Even though workplace injury and fatality numbers are lower than they used to be, they are still too high. In 2013, 4,585 workers were killed on the job. Before the Occupational Safety and Health Act passed in 1970, that number was more than three times higher, even though the workforce was about half the size. Workplace injuries and illnesses have dropped to almost a third of what they were in 1972.
Employers are responsible for providing a safe and healthy workplace, so that their employees don’t suffer work-related injuries or illnesses. We’ve seen plenty of evidence that doing so isn’t just humane; it’s smart business. A safe and healthy workforce is a productive workforce, and companies managed for safety are more profitable than ones that aren’t. Employers that invest in workplace safety and health in turn see reduced fatalities, injuries and illnesses. This results in cost savings in a variety of areas, such as lowering workers’ compensation costs and medical expenses, OSHA penalties, and a reduction in costs of training replacement employees as well as conducting accident investigations.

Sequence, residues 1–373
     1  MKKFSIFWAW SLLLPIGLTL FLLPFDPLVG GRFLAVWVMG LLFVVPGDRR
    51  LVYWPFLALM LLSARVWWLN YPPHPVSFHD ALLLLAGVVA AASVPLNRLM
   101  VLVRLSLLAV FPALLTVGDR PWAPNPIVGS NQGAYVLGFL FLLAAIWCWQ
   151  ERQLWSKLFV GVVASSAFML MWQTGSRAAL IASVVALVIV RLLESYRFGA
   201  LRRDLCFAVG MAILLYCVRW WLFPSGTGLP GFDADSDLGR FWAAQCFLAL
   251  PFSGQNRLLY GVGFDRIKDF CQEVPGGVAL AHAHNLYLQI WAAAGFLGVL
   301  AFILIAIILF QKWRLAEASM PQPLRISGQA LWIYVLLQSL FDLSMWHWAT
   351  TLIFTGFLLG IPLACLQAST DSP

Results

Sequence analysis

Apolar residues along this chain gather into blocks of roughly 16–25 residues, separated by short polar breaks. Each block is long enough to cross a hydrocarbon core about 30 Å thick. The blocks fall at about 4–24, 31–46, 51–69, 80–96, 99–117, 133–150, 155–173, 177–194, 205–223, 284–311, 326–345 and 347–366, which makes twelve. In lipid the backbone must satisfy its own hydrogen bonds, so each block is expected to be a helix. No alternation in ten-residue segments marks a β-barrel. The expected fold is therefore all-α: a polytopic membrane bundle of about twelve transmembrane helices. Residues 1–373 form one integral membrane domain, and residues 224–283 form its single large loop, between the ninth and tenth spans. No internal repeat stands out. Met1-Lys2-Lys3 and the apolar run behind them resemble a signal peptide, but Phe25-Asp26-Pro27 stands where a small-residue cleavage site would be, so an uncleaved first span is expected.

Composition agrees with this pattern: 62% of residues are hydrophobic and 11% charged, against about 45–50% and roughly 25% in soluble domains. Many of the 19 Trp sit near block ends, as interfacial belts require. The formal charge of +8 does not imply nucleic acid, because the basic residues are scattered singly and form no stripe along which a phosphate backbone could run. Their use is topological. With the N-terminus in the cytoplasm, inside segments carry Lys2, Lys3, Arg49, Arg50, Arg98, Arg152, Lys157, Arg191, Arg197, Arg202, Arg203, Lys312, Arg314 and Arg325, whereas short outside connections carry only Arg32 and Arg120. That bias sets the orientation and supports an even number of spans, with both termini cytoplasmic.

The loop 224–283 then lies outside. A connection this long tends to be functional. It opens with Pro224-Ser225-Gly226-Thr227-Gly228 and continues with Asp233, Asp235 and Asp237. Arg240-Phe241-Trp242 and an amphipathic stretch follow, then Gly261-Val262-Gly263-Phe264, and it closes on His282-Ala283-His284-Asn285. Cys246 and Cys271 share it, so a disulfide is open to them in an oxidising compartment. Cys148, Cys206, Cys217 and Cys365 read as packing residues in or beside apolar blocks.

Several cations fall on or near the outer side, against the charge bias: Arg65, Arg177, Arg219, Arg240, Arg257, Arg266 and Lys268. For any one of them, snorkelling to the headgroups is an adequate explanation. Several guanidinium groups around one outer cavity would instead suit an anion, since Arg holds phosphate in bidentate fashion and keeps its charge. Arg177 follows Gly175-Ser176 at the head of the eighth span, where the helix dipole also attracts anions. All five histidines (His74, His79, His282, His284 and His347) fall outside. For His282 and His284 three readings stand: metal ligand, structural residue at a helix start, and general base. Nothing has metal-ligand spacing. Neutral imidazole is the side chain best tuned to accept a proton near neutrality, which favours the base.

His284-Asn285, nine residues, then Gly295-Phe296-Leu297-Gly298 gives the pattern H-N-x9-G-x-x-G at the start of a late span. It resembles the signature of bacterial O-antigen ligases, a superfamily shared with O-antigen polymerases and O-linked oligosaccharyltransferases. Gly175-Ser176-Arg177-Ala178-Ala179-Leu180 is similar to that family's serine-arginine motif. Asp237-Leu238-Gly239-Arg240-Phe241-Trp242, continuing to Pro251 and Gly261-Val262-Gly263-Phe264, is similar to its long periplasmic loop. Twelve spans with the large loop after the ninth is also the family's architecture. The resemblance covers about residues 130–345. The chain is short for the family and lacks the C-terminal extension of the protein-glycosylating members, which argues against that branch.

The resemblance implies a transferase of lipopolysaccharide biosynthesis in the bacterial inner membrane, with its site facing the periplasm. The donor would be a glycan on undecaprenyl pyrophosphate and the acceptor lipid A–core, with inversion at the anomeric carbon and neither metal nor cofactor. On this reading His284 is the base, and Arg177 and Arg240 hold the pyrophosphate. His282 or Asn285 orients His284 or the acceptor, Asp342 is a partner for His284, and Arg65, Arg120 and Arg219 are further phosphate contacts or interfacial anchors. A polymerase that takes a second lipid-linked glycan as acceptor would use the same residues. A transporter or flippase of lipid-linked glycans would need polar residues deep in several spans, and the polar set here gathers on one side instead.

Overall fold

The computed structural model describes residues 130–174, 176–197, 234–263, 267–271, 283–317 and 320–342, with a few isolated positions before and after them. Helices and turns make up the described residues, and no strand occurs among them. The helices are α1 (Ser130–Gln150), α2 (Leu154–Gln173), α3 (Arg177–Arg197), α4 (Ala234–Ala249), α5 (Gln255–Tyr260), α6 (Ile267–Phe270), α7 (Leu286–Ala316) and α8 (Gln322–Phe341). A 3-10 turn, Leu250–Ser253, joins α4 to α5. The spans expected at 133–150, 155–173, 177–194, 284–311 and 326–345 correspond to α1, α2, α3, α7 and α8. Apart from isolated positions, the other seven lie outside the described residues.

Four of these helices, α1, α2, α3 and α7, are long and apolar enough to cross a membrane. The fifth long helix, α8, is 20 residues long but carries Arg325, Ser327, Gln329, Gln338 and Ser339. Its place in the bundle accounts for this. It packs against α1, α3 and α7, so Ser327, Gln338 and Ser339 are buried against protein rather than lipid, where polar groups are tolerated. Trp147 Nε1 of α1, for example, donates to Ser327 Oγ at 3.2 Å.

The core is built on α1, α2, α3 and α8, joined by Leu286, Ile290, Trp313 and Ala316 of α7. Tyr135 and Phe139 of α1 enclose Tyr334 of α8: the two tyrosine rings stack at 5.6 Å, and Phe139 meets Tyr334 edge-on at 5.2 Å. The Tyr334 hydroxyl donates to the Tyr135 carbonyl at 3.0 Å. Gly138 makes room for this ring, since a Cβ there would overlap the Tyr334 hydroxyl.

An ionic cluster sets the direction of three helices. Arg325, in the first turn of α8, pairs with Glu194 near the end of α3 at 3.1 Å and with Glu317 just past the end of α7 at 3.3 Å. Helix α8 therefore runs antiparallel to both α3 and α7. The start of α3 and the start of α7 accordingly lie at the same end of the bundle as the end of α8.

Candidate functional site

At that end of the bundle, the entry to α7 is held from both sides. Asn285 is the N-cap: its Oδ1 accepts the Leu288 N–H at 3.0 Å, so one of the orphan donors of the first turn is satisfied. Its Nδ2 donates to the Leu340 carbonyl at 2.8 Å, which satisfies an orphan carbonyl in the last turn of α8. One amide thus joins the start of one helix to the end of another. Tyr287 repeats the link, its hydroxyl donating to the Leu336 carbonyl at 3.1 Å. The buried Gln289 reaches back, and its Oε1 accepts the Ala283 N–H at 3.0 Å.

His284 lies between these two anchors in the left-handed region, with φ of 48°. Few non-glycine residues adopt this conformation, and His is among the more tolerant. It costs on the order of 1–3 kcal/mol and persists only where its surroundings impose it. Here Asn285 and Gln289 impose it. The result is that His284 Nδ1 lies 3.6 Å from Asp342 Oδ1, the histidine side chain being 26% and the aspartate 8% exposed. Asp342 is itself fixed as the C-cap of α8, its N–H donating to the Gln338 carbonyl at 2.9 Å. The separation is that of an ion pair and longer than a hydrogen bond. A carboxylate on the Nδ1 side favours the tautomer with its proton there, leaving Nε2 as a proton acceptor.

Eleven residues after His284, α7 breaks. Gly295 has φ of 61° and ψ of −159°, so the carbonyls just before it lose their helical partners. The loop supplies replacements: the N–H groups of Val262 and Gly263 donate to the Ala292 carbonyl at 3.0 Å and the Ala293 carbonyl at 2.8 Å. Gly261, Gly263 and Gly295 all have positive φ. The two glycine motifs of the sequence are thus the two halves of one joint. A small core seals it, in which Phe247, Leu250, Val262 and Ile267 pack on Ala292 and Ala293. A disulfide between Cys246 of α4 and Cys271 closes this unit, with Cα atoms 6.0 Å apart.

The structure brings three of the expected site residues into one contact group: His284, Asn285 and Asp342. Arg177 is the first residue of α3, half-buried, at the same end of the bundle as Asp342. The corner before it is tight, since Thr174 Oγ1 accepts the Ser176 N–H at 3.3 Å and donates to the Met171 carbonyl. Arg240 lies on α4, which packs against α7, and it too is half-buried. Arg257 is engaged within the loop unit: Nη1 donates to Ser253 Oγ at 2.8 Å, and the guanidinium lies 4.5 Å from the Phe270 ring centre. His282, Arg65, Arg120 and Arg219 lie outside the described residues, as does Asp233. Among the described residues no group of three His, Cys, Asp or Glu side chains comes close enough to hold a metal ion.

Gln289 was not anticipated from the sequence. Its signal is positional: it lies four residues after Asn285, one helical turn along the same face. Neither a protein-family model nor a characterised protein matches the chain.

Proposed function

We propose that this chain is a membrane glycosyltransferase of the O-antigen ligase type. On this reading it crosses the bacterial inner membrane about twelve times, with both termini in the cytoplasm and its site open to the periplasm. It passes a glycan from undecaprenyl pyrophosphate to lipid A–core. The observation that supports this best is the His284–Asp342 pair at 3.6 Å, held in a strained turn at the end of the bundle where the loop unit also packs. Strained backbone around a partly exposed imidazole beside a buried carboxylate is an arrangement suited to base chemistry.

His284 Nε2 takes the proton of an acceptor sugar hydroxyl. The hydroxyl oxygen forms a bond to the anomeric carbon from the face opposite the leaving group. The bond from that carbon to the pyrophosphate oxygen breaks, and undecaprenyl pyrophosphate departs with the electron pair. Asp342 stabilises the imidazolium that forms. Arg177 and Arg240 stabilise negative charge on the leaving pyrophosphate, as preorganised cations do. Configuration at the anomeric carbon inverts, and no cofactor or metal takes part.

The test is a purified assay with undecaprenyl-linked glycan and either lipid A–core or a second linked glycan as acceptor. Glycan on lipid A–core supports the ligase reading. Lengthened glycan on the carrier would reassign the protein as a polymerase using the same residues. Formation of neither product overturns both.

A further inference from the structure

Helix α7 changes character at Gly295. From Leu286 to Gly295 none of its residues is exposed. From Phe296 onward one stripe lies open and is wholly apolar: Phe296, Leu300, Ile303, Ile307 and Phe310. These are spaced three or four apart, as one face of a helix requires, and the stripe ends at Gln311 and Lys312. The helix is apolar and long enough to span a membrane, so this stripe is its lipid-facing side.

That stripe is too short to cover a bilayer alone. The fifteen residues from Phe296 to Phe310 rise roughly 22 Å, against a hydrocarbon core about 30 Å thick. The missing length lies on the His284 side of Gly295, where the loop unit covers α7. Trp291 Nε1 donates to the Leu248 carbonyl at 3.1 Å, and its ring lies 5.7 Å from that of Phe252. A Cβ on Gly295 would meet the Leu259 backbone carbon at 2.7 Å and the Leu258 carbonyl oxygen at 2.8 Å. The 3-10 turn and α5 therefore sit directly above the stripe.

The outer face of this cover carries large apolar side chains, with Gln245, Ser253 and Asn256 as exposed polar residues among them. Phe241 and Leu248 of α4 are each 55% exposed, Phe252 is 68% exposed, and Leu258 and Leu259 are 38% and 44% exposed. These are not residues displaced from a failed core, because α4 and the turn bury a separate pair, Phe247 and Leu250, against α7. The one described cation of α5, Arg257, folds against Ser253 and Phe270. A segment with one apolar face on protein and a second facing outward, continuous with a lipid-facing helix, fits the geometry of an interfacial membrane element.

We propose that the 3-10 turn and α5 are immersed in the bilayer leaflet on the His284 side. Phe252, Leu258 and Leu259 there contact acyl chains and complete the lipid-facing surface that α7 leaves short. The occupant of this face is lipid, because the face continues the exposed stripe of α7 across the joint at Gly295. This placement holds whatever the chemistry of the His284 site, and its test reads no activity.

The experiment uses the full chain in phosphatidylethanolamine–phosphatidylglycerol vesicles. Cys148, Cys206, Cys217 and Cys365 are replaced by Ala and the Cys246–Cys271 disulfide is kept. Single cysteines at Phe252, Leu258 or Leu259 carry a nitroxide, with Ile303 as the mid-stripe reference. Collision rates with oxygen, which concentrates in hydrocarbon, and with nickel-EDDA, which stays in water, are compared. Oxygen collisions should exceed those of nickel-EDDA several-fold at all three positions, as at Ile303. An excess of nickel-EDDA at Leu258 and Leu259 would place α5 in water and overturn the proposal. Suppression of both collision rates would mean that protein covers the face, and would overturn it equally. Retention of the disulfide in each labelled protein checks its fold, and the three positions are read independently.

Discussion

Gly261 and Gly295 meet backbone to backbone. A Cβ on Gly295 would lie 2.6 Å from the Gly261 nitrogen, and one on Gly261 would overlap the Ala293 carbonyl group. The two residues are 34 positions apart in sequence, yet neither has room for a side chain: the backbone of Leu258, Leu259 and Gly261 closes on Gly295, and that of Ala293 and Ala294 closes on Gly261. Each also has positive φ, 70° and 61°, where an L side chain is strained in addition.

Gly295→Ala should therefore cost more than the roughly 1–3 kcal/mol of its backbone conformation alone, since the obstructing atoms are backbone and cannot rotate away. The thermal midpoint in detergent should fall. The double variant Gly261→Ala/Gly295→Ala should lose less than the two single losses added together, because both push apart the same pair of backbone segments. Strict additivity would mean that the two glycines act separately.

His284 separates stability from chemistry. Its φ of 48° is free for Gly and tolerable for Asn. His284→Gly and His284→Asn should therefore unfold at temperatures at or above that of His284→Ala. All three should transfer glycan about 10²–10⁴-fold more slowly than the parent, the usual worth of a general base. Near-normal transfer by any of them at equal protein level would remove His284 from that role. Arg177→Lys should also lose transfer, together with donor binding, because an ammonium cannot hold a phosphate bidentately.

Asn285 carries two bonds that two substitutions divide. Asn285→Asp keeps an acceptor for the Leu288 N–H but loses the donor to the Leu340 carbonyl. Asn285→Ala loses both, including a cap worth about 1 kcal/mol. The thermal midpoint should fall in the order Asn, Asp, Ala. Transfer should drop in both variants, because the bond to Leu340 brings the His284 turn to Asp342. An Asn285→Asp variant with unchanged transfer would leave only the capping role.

Adopting a safety program with continuous improvement is challenging, because you have to keep asking “Is what we are doing good enough?” But in doing so you recognize that your program must constantly evolve. A good safety program benefits management as well as employees.